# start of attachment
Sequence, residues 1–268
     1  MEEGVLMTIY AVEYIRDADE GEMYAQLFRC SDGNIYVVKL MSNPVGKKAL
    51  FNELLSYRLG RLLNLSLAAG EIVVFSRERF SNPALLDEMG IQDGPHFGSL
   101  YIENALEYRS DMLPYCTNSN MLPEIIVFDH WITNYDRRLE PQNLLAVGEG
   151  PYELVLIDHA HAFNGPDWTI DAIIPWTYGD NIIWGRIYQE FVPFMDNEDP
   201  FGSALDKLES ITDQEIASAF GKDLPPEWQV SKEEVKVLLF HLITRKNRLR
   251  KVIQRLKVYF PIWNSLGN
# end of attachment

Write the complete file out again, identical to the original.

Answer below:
Sequence, residues 1–268
     1  MEEGVLMTIY AVEYIRDADE GEMYAQLFRC SDGNIYVVKL MSNPVGKKAL
    51  FNELLSYRLG RLLNLSLAAG EIVVFSRERF SNPALLDEMG IQDGPHFGSL
   101  YIENALEYRS DMLPYCTNSN MLPEIIVFDH WITNYDRRLE PQNLLAVGEG
   151  PYELVLIDHA HAFNGPDWTI DAIIPWTYGD NIIWGRIYQE FVPFMDNEDP
   201  FGSALDKLES ITDQEIASAF GKDLPPEWQV SKEEVKVLLF HLITRKNRLR
   251  KVIQRLKVYF PIWNSLGN